Two months after discharge, she was readmitted to the hospital due to an acute left chest pain, fever, and neutropenia (hemoglobin 8.9 g/dl, white blood cells 0.62 × 109/L, neutrophils 0.34 × 109/L, and platelets 21 × 109/L); chest computed tomographic scan showed a basal bilateral pneumonia associated with diffuse pulmonary nodules and bronchial obliteration. A microbiological examination of bronchoalveolar lavage proved the presence of a Nocardia spp. Despite targeted antibiotic therapy with high-dose sulfametoxazole-trimethoprim in association with broad-spectrum and specific antibiotics in different timing (amikacin, ceftadizime-avibactam, levoxacin, ceftolozane-tazobactam, tigecycline, imipenem, and linezolid), pulmonary nocardial lesions persisted (and progressed toward) with the formation of a pulmonary organized abscess (Figure 1). Due to the persistence of fever and worsening of clinical conditions, the patient was submitted to a lower pulmonary lobectomy by left lateral thoracotomy; histological examination confirmed the presence of a Nocardia spp. She had a good postoperative course with disappearance of fever and complete resolution of the pneumonia.

Currently, the patient is alive in continuous CR for AML and BC, with a follow-up from diagnosis of 29 months and 37 months, respectively. She is in good general conditions with an excellent quality of life.

3. Discussion

Herein we describe the case of a young woman presenting with unexplained and persistent cytopenia before and during chemotherapy for BC, due to the coexistence of BC and AML.

The onset of AML within 6 months from a diagnosis of BC is associated with a very poor prognosis with refractoriness to standard therapies and a limited chance to receive an allogeneic HSCT; only 7 cases of a synchronous occurrence of BC and AML have been so far described in the literature (Table 1), and only 3 of them reached a CR for AML. No patient, except the present case, could undergo an allogeneic HSCT and achieved a CR for both diseases. Our patient had a refractory disease for which an allogeneic HSCT currently represents the only recommended therapeutic approach aimed at achieving a long-term disease-free survival [7]. The timing of the different interventions was crucial to bridge this patient to allogeneic HSCT; despite the infectious complications, first of all the acute cholecistytis, she was subjected to laparoscopic cholecystectomy on day +30 from salvage chemotherapy, immediately after a complete hematologic recovery, and to allogeneic HSCT on day +56, after the demonstration of a CR for AML.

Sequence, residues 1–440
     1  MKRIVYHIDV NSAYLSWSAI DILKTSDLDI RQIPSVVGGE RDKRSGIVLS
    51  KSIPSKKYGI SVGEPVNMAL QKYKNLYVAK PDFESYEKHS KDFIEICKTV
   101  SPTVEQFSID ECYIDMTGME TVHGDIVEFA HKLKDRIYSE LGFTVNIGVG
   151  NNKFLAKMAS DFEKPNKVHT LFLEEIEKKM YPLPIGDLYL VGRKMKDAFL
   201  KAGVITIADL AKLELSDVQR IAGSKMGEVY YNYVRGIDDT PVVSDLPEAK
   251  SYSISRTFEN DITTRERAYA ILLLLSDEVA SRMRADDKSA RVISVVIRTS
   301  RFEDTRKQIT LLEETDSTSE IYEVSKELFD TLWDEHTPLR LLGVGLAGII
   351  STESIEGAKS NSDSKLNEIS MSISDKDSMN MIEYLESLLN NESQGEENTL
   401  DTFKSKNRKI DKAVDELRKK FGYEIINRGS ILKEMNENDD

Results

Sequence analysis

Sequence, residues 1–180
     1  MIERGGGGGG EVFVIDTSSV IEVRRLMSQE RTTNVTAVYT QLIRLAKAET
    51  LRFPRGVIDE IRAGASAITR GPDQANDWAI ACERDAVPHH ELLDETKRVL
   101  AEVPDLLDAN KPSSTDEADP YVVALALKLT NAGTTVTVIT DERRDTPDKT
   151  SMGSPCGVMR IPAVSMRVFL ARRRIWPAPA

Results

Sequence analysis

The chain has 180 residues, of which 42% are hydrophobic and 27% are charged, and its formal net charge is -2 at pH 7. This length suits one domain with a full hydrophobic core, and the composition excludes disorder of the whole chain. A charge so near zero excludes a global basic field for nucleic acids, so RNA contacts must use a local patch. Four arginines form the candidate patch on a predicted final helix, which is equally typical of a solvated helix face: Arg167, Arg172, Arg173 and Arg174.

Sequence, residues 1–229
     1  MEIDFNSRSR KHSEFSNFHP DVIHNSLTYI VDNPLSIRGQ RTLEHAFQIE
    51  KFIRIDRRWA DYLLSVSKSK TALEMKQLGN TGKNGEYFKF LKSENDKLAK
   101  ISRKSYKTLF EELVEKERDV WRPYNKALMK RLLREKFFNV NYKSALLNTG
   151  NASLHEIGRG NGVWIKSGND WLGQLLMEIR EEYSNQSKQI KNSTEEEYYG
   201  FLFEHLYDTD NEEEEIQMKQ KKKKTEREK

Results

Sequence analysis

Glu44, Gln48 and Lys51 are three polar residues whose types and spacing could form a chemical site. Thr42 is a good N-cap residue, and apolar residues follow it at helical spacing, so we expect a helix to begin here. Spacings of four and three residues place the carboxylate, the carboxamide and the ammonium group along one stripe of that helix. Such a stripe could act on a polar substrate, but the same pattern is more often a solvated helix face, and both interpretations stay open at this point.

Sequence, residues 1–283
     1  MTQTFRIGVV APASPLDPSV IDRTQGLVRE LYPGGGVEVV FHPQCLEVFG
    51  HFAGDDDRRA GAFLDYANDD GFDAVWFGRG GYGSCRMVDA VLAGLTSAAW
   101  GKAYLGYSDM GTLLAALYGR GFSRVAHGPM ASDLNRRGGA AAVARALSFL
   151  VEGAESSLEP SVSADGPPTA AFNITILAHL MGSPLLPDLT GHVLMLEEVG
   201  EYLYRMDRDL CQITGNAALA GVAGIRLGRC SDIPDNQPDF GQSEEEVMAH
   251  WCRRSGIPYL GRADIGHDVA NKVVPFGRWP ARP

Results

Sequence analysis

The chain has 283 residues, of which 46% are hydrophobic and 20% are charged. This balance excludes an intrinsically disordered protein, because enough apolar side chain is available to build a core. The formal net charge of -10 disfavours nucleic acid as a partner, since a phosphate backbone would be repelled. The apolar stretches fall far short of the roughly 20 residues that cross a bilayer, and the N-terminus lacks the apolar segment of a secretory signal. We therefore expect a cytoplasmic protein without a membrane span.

In the past years, the use of clofarabine-based regimens as a bridge to transplant has provided encouraging results [8]. Clofarabine is a second-generation purine nucleoside analogue with strong antileukemia activity and an acceptable toxicity profile [9], but its high immunosuppressive effect is well known. It is conceivable that the deep immunosuppression related to clofarabine, associated with posttransplant cyclosporine treatment may have had a role in the occurrence of the Nocardia infection, whose incidence in transplanted patients is reported to be about 0.3%, with pulmonary nocardiosis as most frequent manifestation [10]. In the literature, the few cases of Nocardia infection described in HSCT patients were treated with antibiotic therapy; no one, with the exception of the hereby reported case, underwent a pulmonary lobectomy. The difficult decision to submit an allogeneic transplanted patient to thoracic surgery was guided by the absence of other therapeutic options.

In conclusion, the occurrence of unexplained cytopenia concomitant to a diagnosis of BC must be closely investigated, and collaboration between the oncologist and hematologist is essential both to reduce the diagnostic delay and to choose the appropriate therapeutic strategy. To our knowledge, our case is the only one described in the literature that is long surviving in complete remission of the two malignancies, characterized by an extremely severe prognosis if it arose simultaneously.